cover of KONXOMPAX 
designed by Aleister Crowley
published 1907

The light wherein I write is not the light of reason; it is not the darkness of unreason; it is the L.V.X. of that which, first mastering and then transcending the reason, illumines all the darkness caused by the interference of the opposite waves of thought; not by destroying their balance, and thereby showing a false and partial light, but by overleaping their limitations.


27. Then the priest answered & said unto the Queen of Space, kissing her lovely brows, and the dew of her light bathing his whole body in a sweet-smelling perfume of sweat: O Nuit, continuous one of Heaven, let it be ever thus; that men speak not of Thee as One but as None; and let them speak not of thee at all, since thou art continuous!


29. For I am divided for love’s sake, for the chance of union.

39. The word of the Law is Θελημα.

40. Who calls us Thelemites will do no wrong, if he look but close into the word. For there are therein Three Grades, the Hermit, and the Lover, and the man of Earth. Do what thou wilt shall be the whole of the Law.

65. To me! To me!


7. I am the Magician and the Exorcist. I am the axle of the wheel, and the cube in the circle. « Come unto me » is a foolish word: for it is I that go.

27. There is great danger in me; for who doth not understand these runes shall make a great miss. He shall fall down into the pit called Because, and there he shall perish with the dogs of Reason.
28. Now a curse upon Because and his kin!
29. May Because be accursèd for ever!
30. If Will stops and cries Why, invoking Because, then Will stops & does nought.
31. If Power asks why, then is Power weakness.
32. Also reason is a lie; for there is a factor infinite & unknown; & all their words are skew-wise.
33. Enough of Because! Be he damned for a dog!


51. Purple beyond purple: it is the light higher than eyesight.

4. Choose ye an island!
5. Fortify it!
6. Dung it about with enginery of war!
7. I will give you a war-engine.

It is by freeing the mind from external influences, whether casual or emotional, that it obtains power to see somewhat of the truth of things.


Let us, however, continue our practice. Let us determine to be masters of our minds. We shall then soon find what conditions are favourable.

There will be no need to persuade ourselves at great length that all external influences are likely to be unfavourable. New faces, new scenes will disturb us; even the new habits of life which we undertake for this very purpose of controlling the mind will at first tend to upset it. Still, we must give up our habit of eating too much, and follow the natural rule of only eating when we are hungry, listening to the interior voice which tells us that we have had enough.

The same rule applies to sleep. We have determined to control our minds, and so our time for meditation must take precedence of other hours.

Memories of the events of the day will bother us; we must arrange our day so that it is absolutely uneventful. Our minds will recall to us our hopes and fears, our loves and hates, our ambitions, our envies, and many other emotions. All these must be cut off. We must have absolutely no interest in life but that of quieting our minds.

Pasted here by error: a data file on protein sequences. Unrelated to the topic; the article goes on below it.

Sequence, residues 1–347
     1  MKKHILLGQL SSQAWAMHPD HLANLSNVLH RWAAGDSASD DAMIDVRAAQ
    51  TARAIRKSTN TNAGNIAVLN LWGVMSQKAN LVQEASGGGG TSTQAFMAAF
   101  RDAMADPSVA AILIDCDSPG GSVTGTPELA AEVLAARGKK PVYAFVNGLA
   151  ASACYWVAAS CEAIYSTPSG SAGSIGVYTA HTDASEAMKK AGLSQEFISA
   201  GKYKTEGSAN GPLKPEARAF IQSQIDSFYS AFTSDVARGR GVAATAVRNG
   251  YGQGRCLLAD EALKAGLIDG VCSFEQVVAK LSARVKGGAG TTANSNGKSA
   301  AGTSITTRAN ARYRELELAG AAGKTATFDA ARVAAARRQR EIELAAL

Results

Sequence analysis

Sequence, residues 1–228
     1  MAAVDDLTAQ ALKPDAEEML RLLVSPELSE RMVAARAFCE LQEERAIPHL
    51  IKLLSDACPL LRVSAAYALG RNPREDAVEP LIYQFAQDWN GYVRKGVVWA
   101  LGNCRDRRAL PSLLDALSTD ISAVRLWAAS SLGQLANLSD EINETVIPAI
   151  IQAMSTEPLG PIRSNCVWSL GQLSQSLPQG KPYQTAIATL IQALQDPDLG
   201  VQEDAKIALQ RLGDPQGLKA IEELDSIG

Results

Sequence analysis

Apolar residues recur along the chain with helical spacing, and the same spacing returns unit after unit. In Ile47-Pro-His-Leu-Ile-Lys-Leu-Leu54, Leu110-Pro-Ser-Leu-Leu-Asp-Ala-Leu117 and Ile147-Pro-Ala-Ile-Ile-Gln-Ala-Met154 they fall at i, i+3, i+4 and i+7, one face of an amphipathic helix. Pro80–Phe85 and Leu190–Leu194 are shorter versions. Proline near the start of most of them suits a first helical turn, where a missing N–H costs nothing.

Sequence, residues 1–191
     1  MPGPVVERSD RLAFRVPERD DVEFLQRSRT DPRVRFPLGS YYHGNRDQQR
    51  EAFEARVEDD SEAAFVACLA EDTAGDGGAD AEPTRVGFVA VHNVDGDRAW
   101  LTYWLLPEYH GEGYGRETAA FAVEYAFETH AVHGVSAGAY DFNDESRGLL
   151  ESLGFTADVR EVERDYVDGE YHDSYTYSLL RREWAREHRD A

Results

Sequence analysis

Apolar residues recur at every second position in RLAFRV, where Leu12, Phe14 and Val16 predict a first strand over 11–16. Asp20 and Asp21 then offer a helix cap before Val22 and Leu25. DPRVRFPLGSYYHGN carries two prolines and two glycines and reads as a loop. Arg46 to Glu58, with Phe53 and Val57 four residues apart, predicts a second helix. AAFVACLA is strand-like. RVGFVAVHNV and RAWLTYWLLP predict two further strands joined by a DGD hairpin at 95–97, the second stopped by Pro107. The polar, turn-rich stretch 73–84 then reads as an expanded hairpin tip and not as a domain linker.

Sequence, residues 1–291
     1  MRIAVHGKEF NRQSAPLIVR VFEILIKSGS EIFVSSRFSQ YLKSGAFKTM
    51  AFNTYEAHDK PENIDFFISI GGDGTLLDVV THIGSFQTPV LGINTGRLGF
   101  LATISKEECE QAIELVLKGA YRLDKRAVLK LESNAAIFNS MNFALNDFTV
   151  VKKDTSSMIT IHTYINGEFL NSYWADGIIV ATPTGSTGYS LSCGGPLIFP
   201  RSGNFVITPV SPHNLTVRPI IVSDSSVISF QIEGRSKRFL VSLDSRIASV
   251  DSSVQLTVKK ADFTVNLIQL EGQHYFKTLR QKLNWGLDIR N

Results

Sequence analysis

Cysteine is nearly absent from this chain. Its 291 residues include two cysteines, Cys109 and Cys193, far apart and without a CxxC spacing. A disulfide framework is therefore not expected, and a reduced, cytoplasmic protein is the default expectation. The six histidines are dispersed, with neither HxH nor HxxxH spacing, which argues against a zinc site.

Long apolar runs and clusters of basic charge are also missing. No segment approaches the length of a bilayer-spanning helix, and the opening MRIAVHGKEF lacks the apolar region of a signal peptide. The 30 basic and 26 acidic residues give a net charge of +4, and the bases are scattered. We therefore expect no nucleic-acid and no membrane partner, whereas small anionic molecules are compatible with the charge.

Finally something happens whose nature may form the subject of a further discussion later on. For the moment let it suffice to say that this consciousness of the Ego and the non-Ego, the seer and the thing seen, the knower and the thing known, is blotted out.

There is usually an intense light, an intense sound, and a feeling of such overwhelming bliss that the resources of language have been exhausted again and again in the attempt to describe it.

It is an absolute knock-out blow to the mind. It is so vivid and tremendous that those who experience it are in the gravest danger of losing all sense of proportion.

By its light all other events of life are as darkness. Owing to this, people have utterly failed to analyse it or to estimate it. They are accurate enough in saying that, compared with this, all human life is absolutely dross; but they go further, and go wrong. They argue that "since this is that which transcends the terrestrial, it must be celestial." One of the tendencies in their minds has been the hope of a heaven such as their parents and teachers have described, or such as they have themselves pictured; and, without the slightest grounds for saying so, they make the assumption "This is That."

1. Sit in a chair; head up, back straight, knees together, hands on knees, eyes closed. ("The God.")
2. Kneel; buttocks resting on the heels, toes turned back, back and head straight, hands on thighs. ("The Dragon.")
3. Stand; hold left ankle with right hand (and alternately practise right ankle in left hand, etc.), free forefinger on lips. ("The Ibis.")
4. Sit; left heel pressing up anus, right foot poised on its toes, the heel covering the phallus; arms stretched out over the knees: head and back straight. ("The Thunderbolt.")


Inger Christensen's It (Det), published by New Directions, translation Susanna Nied.

Suzanne Treister's  Hexen 2039 published by Black Dog, London